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The aluminium shall originate from a casthouse that is a certified ASI Member and/or a subsequent supplier of this aluminium that is a certified Member (listed here:


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2) LEED (Leadership in Energy and Environmental Design)

LEED is the green building project and performance management system from the U.S. Green Building Council, and provides a framework for green building design, construction, operations and performance.

The latest version of LEED, LEED v4.1, sets the bar on building standards to address energy efficiency, water conservation, site selection, material selection, day lighting, waste reduction, and more.

Projects pursuing LEED certification earn points for various green building strategies under LEED credits, across several categories: sustainable sites, water efficiency, energy and atmosphere, material and resources, indoor environmental quality, innovation and regional priority credits. Based on the number of points achieved, a project earns one of four LEED rating levels: Certified, Silver, Gold or Platinum.

The credit ‘Social Equity within the Supply Chain’ is a new pilot credit which aims to create more equitable, healthier environments for those affected by and involved in the production of materials and products used in a project, including the stages of raw materials extraction, processing, manufacturing, and assembly of components and products.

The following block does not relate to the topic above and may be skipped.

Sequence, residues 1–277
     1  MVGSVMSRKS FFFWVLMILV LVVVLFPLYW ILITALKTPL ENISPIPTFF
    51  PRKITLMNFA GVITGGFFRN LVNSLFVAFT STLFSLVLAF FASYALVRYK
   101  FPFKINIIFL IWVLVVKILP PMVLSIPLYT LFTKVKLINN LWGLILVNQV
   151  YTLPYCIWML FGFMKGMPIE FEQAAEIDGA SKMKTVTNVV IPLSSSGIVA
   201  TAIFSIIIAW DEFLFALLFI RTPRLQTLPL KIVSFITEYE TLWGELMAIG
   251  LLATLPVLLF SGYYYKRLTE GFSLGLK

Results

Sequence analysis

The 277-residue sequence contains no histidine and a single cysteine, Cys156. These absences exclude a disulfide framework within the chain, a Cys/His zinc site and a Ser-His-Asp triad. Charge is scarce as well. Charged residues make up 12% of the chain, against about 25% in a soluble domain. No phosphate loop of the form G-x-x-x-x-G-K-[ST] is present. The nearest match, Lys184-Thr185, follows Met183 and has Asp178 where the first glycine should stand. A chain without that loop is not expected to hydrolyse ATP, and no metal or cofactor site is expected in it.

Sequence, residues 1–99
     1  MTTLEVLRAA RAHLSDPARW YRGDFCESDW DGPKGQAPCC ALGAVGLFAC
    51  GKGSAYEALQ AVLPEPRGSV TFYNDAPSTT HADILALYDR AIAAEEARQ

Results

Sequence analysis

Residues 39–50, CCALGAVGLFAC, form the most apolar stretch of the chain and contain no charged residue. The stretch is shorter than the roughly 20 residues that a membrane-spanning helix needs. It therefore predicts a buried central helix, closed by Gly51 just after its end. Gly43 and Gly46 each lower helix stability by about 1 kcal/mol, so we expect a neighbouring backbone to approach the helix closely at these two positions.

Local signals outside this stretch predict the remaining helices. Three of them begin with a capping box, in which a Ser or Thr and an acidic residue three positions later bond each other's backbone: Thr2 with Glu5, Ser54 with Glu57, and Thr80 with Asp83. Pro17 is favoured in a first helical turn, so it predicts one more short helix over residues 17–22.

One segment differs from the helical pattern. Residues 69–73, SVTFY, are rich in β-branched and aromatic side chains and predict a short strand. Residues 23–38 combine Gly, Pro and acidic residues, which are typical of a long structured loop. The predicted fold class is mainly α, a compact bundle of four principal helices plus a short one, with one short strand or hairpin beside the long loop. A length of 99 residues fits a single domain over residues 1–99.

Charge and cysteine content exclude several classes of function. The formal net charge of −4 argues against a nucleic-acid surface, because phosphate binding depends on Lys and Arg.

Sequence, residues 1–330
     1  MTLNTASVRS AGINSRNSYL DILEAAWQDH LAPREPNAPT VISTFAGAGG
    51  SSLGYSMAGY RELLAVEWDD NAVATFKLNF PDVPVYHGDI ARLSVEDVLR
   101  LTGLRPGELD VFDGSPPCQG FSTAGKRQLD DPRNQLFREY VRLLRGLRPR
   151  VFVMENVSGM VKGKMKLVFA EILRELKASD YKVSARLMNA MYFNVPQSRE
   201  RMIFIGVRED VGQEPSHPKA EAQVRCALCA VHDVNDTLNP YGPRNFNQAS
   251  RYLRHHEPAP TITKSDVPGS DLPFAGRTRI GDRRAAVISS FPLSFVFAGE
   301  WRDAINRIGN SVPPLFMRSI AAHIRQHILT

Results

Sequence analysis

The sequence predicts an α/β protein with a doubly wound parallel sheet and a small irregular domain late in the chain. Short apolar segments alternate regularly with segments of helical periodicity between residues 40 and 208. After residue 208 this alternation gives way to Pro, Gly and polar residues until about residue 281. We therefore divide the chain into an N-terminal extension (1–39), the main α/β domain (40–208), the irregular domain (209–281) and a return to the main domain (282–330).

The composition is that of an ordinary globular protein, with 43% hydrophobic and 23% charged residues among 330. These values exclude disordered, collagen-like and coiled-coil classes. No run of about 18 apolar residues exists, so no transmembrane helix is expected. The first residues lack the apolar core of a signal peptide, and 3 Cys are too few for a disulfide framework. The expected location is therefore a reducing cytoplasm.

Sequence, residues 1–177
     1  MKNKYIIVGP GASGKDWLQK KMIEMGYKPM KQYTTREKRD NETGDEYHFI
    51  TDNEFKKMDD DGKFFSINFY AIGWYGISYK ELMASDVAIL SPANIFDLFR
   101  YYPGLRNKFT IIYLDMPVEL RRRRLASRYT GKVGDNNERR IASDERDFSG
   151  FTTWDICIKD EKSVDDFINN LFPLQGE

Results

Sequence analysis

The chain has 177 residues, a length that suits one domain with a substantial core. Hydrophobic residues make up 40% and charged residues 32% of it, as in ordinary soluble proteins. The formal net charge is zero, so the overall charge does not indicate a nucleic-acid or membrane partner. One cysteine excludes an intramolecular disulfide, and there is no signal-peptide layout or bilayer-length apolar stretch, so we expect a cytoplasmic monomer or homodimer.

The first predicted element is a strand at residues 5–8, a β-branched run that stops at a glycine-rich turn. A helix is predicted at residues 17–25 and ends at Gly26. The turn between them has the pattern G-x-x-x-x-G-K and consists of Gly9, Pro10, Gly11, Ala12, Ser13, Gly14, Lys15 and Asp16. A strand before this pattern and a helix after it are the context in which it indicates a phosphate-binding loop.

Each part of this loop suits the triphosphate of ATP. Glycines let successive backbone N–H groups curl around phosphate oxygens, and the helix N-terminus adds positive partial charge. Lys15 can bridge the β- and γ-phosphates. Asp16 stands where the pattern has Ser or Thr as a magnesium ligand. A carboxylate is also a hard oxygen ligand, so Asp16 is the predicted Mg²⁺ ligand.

How it works

The pilot credit ‘‘Social equity within the supply chain’’ requires that products used are certified by, or are from a company that meets all 8 Fundamental Conventions of the International Labour Organization (or using alternative strategies which proves that these 8 Conventions have been addressed). As a pilot credit, the USGBC will monitor the credit’s uptake and use by LEED project teams. Pilot credits are reviewed annually and updates are made based on user experience. Each year the credit will either be extended for another year, or included as a permanent credit under the LEED system, or retired.

The eight ILO conventions include: Freedom of Association and Protection of Right to Organize (C087), Right to Organize and Collective Bargaining (C098), Forced Labour (C029), Abolition of Forced Labour (C105), Minimum Age (C138), Worst Forms of Child Labour (C182), Equal Renumeration (C100) and Discrimination – Employment and Occupation (C111).

The ASI Performance Standard (v2) and the ASI Chain of Custody Standard (v1) have both been pre-approved by USGBC to meet these 8 ILO Fundamental Conventions. To be eligible, the manufacturing company has achieved ASI Performance Standard Certification, or procures materials that are sourced from an Entity that has achieved ASI Chain of Custody Certification. (Please note that in order for an Entity to be ASI CoC Certified, ASI Performance Standard Certification must be achieved as well).